The aim of the study was to evaluate the quality of asthma-related referral letters at the launch of the Asthma Programme in 1994 and 7 years later in 2001.
All referrals during 1 year (n=1121 in 1994, n=1136 in 2001) to one pulmonary department were screened in 2001. By the same inclusion criteria of asthma or suspicion of asthma, 624 letters (56% of all) from the year 1994 and 452 (40% of all) from the year 2001 were selected. The quality of study letters was assessed against the previously developed asthma referral letter criteria. Comparison of the referral letter quality in 1994 and 2001 was made.
The proportion of poor letters decreased from 63% in 1994 to 44% in 2001, while that of good letters increased from 7% to 22%. Graphics of peak flow follow-up measurements (14% vs. 40%) and spirometry with bronchodilatation test (5% vs. 32%) were included significantly more often as an attachment.
Lung functions are being measured more often in primary care, indication a more active detection of asthma. The number of asthma-related referrals in relation to all pulmonary consultation referrals decreased and their quality improved during the years of the Asthma Programme.
To assess the quality of primary care spirometry by visual inspection of the flow-volume expiratory curve and to study the quantity of clinical information provided on the spirometry report sheets.
Retrospective audit of 868 expiratory flow-volume curves referred to three pulmonary clinics assessed against five predefined quality criteria. Clinical information included on the spirometry report sheets was also collected.
Quality was good in 78% of pre-bronchodilation curves and in 80% of post-bronchodilation curves. Obtaining a sharp PEF value and full vital capacity exhalation seemed to be the critical points of measurement. Inter-rater reliability of the curve assessment was mainly good. Data on where the spirometry took place, and comments on the use of respiratory medication and patient co-operation were often lacking.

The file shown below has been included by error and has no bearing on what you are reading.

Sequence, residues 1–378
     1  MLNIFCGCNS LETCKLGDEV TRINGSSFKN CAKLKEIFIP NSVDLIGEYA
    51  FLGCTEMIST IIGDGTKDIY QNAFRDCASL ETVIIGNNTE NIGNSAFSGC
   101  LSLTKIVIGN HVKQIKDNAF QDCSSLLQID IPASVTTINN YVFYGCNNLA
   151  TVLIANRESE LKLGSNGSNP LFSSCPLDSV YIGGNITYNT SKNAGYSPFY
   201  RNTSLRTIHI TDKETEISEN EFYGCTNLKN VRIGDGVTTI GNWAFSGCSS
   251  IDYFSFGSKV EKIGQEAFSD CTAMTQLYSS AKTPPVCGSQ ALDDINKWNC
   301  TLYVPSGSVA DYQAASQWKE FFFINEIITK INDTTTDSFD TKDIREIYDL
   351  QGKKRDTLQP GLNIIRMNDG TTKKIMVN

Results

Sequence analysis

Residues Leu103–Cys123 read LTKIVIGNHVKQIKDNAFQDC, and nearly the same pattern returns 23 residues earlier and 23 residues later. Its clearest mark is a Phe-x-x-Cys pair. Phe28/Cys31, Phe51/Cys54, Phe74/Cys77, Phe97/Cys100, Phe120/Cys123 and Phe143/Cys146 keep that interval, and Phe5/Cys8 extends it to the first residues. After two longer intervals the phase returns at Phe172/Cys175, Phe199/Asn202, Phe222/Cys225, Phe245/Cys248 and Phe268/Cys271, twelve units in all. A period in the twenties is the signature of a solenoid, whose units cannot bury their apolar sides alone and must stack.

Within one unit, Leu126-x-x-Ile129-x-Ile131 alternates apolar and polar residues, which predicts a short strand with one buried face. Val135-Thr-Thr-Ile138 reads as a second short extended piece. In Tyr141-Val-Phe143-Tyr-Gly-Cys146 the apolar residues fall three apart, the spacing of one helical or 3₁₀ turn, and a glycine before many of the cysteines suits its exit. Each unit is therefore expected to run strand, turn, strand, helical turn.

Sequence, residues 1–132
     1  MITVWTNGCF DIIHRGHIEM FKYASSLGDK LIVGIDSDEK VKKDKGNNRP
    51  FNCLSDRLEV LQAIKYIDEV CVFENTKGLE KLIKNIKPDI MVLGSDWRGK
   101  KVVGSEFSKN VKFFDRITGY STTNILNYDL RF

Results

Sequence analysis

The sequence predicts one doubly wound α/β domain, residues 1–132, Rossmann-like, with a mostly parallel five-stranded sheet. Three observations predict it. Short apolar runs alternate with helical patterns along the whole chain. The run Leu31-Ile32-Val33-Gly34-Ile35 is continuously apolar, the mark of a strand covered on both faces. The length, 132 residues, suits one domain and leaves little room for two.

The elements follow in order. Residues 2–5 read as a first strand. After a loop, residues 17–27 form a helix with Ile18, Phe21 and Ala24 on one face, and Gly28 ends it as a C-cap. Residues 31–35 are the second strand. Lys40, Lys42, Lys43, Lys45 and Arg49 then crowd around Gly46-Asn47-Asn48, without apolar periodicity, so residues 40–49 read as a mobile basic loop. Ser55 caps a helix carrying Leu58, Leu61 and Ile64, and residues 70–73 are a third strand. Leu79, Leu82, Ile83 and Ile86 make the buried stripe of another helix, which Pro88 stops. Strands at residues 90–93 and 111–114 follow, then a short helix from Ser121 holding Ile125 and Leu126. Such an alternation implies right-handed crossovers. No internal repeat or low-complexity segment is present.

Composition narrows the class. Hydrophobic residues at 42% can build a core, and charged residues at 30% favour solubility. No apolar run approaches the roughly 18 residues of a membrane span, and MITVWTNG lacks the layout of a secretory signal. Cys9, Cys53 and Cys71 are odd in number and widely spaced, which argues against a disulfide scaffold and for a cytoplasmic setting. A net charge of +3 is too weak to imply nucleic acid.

The quality of primary care spirometry was good. Adequate clinical information on the report sheets would further improve the quality of this diagnostic process.
Comment In: Prim Care Respir J. 2009 Sep;18(3):231-2; author reply 23219662322
Erratum In: Prim Care Respir J. 2009 Sep;18(3):184
Hypertension is one of the major causes of disease burden affecting the Finnish population. Over the last decade, evidence-based care has emerged to complement other approaches to antihypertensive care, often without health economic assessment of its costs and effects. This study looks at the extent to which changes proposed by the 2002 Finnish evidence-based Current Care Guidelines concerning the prevention, diagnosis, and treatment of hypertension (the ACCG scenario) can be considered cost-effective when compared to modelled prior clinical practice (the PCP scenario).
A decision analytic model compares the ACCG and PCP scenarios using information synthesised from a set of national registers covering prescription drug reimbursements, morbidity, and mortality with data from two national surveys concerning health and functional capacity. Statistical methods are used to estimate model parameters from Finnish data. We model the potential impact of the different treatment strategies under the ACCG and PCP scenarios, such as lifestyle counselling and drug therapy, for subgroups stratified by age, gender, and blood pressure. The model provides estimates of the differences in major health-related outcomes in the form of life-years and costs as calculated from a 'public health care system' perspective. Cost-effectiveness analysis results are presented for subgroups and for the target population as a whole.
The impact of the use of the ACCG scenario in subgroups (aged 40-80) without concomitant cardiovascular and related diseases is mainly positive. Generally, costs and life-years decrease in unison in the lowest blood pressure group, while in the highest blood pressure group costs and life-years increase together and in the other groups the ACCG scenario is less expensive and produces more life-years. When the costs and effects for subgroups are combined using standard decision analytic aggregation methods, the ACCG scenario is cost-saving and more effective.